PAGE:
Do you guys want a good laugh? Read the excerpts from my novel and I promise you that you WILL laugh.

Thanks, kids. See you in the New Year.

Jeff Green.

Fred said...
This comment has been removed by the author.
Fred said...

Wow, nice update Anonymous!!!! I guess Jeff's been busy writing his novel thing. He's hit 50,000 words, so I assume he's finished it. Novel must be pretty hard since it's preoccupied Jeff to the point where he can't logon to his blogger page and at the very least press his elbows into the keyboard and update us with a kindly "fdgfskkjkijhjmdcdsdssdhjkl;" or two, but I guess that's what Twitter is for. Jeff hasn't put up an excerpt on his nanowrimo page, but his synopsis sounds great. I wonder if "The Cudgel of Xanthor" will be set in the magical world of Nargol?

Clifford said...

Bravo Anonymous Bravo! A great performance!

You are the Jedi Master now. Heck, you have the job now.

Arrrgh! Walk the plank Green-----

Anonymous said...

Hey anonymous,

Why don't you steal Jeff's blog and keep posting while pretending to be him? it looks like he doesn't cares anyway...

Anonymous said...

Great now we have this ahole spamming your blog, that's it for me... good bye everyone

Anonymous said...

Hey, it's the Nike shoes guy!

I love this guy. This guy was here back in the summer too - I think when Jeff had the swine flu.

By the way, did I mention why they decided to call it the swine flu? - it's because when you get this disease you have an overwhelming urge to phone up the person who gave it to you and say to him: "You swine!"

Ha ha haaaaaa!

Merry Christmas, Green!

Merry Christmas, everyone! (Merry Christmas, Nike Shoes Guy!)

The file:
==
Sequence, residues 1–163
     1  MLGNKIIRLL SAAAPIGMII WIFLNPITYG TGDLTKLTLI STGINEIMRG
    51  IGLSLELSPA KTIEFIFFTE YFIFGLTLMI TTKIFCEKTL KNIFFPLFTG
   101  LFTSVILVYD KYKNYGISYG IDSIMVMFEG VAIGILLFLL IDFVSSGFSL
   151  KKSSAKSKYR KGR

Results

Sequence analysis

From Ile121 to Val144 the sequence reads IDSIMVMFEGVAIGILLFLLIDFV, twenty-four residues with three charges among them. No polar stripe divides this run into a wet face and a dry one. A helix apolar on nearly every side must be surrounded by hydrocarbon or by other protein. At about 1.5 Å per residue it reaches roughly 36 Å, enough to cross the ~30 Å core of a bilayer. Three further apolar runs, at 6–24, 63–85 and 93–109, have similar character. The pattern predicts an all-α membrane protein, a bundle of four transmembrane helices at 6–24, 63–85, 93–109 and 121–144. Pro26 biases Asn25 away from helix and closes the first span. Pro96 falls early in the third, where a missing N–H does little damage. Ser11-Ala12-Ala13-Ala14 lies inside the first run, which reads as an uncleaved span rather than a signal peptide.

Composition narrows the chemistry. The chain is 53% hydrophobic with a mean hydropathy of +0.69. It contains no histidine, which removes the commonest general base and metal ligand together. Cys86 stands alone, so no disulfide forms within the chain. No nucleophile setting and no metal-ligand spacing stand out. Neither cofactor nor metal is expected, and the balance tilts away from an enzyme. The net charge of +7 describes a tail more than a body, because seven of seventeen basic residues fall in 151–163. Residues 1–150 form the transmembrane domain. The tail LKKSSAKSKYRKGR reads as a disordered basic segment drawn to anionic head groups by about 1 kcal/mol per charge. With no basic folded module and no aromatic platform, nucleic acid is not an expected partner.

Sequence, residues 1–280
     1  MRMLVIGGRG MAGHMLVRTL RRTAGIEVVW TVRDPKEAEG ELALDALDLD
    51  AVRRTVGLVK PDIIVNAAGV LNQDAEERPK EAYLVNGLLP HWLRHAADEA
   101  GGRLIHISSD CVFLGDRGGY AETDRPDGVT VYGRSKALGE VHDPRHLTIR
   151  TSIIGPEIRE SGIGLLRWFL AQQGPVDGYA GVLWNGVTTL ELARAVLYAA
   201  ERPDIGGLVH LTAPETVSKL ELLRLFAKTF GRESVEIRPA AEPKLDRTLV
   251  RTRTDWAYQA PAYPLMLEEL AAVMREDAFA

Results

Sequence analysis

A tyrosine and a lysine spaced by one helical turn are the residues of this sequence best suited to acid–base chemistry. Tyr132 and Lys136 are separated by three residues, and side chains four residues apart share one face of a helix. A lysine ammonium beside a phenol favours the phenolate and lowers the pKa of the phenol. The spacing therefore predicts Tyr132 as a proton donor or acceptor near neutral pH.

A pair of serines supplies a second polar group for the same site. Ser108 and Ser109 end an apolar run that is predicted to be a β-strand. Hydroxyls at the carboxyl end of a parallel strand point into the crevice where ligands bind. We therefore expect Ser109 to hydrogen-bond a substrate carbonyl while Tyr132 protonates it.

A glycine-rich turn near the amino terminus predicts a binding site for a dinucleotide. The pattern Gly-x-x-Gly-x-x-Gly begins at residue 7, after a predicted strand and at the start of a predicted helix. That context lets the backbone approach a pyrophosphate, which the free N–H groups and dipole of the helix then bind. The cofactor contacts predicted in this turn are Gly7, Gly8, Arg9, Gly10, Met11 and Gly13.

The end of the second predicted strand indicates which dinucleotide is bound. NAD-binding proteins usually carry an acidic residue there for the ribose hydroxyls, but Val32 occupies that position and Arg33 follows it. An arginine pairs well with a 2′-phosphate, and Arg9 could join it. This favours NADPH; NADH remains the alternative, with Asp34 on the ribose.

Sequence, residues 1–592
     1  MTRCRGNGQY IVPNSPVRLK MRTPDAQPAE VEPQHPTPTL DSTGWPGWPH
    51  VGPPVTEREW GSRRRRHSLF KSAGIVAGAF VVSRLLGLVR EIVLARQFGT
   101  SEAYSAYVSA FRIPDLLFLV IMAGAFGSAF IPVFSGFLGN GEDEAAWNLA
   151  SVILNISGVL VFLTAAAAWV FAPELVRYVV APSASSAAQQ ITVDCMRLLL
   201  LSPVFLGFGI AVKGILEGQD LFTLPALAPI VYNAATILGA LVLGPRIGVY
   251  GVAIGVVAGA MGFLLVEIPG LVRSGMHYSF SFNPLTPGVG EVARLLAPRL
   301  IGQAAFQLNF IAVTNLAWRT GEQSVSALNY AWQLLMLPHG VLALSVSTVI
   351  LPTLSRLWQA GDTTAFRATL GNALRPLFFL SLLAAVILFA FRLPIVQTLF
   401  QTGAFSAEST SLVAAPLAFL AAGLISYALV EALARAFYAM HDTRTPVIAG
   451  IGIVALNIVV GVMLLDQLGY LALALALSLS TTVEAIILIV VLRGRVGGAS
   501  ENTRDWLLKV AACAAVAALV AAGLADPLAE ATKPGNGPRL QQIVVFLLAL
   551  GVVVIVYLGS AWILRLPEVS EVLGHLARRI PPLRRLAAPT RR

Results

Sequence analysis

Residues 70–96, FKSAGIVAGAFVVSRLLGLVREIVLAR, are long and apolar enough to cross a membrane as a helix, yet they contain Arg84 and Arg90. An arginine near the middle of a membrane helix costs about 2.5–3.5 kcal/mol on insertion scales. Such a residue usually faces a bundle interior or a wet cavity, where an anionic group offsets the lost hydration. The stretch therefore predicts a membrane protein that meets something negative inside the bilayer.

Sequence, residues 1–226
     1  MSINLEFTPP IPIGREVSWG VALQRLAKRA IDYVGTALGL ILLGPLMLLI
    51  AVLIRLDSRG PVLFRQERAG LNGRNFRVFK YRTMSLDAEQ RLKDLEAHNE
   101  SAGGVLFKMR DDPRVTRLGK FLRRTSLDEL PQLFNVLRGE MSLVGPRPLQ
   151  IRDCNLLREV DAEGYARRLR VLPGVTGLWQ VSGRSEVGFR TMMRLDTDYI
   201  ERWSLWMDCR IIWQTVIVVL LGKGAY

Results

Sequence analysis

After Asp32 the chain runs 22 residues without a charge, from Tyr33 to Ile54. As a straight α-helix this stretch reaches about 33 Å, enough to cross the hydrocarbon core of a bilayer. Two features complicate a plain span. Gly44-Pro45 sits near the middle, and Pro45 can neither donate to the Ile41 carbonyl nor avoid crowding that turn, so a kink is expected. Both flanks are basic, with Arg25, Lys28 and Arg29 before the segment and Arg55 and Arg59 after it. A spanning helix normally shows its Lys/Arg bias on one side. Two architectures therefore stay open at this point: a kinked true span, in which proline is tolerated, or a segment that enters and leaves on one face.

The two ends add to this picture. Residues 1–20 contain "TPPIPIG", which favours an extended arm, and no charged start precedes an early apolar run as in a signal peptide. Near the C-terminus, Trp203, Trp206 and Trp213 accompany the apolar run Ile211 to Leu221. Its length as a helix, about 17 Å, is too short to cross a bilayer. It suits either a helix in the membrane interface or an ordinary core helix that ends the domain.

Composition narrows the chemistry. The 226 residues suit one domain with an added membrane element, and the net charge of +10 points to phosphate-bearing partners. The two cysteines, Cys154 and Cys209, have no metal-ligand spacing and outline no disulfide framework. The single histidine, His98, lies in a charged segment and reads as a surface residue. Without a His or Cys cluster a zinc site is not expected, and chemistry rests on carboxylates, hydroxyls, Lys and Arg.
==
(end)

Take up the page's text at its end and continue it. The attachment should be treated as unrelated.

Clifford said...

I come to this blog to bitch about how old it is and wish everyone a Merry Christmas.

Nike shoes beat it!

Anonymous said...

Steam is having a massive Christmas/Winter sale right now - and even D2D is getting in on the action... those guys put a game called Space Siege on sale for $10.

I had never heard of Space Siege, so I Googled it and was led to a review.

I started to read, and thought, hey, the tone of the writing here, the sarcasm, I've seen this somewhere before? Then I looked up and saw a picture of Fall Risk.

Wow, that was a pretty brutal review - that must've been one of the last reviews you wrote, Green? My favorite line from the review: "... it's like a baloney sandwich, in that it gets the job done."

Ha! Like a baloney sandwich!

The question now is, does one shell out ten dollars for a baloney sandwich? I am shocked at how many games I bought this year. Shocked isn't even the word - disgusted might be a better way of putting it. Some games I spent literally two hours playing before moving on to something else (can anybody say ARMA 2?).

xian said...

oh, jeffrey. you never needed permission to suck.

RidiculousX said...

Please please release the novel :)